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Open AccessArticle

Performance of Modern Varieties of Festuca arundinacea and Phleum pratense as an Alternative to Lolium perenne in Intensively Managed Sown Grasslands

1
Department of Crop Sciences, Grassland Science, University of Göttingen, von-Siebold Straße 8, 37075 Göttingen, Germany
2
Centre of Biodiversity and Sustainable Land Use, University of Göttingen, Grisebachstraße 6, 37077 Göttingen, Germany
3
Chamber of Agriculture Lower-Saxony, Mars-la-Tour-Straße 1-13, 26121 Oldenburg, Germany
4
Geo-Lab, University of Vechta, Driverstraße 22, 49377 Vechta, Germany
*
Author to whom correspondence should be addressed.
Agronomy 2020, 10(4), 540; https://doi.org/10.3390/agronomy10040540
Received: 13 March 2020 / Revised: 3 April 2020 / Accepted: 7 April 2020 / Published: 9 April 2020
(This article belongs to the Section Grassland and Pasture Science)
In future, grass swards need to be adapted to climate change and interactions of management and site are becoming more important. The persistence of Lolium perenne on peatland or during dry periods is limited and alternative forage species are required. We tested the performance of a modern variety of Festuca arundinacea and Phleum pratense as an alternative to Lolium perenne on clay, peat, and sandy soils. Each of these grasses was sown as main species in mixture with Poa pratensis and Trifolium repens and the mixtures were subjected to different frequencies of defoliation. Differences in yield proportions in the third year were significantly influenced by main species, site and their interaction. Remaining mass proportions of main species after three years were smallest on peat; on all sites Festuca arundinacea showed the highest persistence and largest yield, followed by Lolium perenne. Mass proportions of Phleum pratense were small on peat soils and Phleum had been replaced there by Holcus lanatus, and by Lolium perenne and Poa pratensis on the clay and sandy soils. We conclude that the choice of grass species in mixtures is a management tool to control stability and productivity of grass swards under specific site conditions. View Full-Text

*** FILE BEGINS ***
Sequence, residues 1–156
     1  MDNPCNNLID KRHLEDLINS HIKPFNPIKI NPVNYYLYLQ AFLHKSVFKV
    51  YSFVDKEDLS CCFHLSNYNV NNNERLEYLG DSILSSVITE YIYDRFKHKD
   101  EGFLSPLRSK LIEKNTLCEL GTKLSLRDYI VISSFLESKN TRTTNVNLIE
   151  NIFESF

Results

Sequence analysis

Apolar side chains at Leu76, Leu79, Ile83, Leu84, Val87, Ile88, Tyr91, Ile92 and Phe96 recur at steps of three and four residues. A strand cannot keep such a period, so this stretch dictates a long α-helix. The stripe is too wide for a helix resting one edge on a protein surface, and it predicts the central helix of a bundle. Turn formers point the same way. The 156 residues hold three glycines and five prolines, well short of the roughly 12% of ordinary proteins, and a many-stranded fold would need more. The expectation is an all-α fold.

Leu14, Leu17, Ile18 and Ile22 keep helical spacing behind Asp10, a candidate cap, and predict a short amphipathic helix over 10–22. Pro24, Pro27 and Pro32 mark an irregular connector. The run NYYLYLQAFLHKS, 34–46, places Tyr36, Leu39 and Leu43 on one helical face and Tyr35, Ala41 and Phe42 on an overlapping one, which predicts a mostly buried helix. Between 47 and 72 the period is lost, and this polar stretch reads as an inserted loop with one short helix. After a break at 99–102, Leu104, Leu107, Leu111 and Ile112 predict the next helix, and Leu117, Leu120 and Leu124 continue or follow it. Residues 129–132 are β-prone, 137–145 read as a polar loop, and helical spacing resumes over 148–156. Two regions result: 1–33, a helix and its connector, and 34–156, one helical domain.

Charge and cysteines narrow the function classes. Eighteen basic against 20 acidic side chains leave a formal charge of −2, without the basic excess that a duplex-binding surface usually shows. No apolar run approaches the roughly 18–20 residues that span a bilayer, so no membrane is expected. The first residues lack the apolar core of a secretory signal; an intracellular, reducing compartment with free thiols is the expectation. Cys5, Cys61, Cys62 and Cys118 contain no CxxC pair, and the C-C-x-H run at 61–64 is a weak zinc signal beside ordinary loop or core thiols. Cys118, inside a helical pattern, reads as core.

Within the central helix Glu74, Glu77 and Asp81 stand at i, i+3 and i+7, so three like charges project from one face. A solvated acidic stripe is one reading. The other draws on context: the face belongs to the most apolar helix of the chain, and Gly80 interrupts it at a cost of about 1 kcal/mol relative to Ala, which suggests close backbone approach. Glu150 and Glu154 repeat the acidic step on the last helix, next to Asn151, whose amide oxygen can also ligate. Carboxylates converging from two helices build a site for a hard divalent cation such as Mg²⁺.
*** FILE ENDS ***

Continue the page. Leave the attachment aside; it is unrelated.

Keywords: temperate humid grasslands; forage grasses; persistence; herbage yield; climate change temperate humid grasslands; forage grasses; persistence; herbage yield; climate change
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Becker, T.; Isselstein, J.; Jürschik, R.; Benke, M.; Kayser, M. Performance of Modern Varieties of Festuca arundinacea and Phleum pratense as an Alternative to Lolium perenne in Intensively Managed Sown Grasslands. Agronomy 2020, 10, 540.

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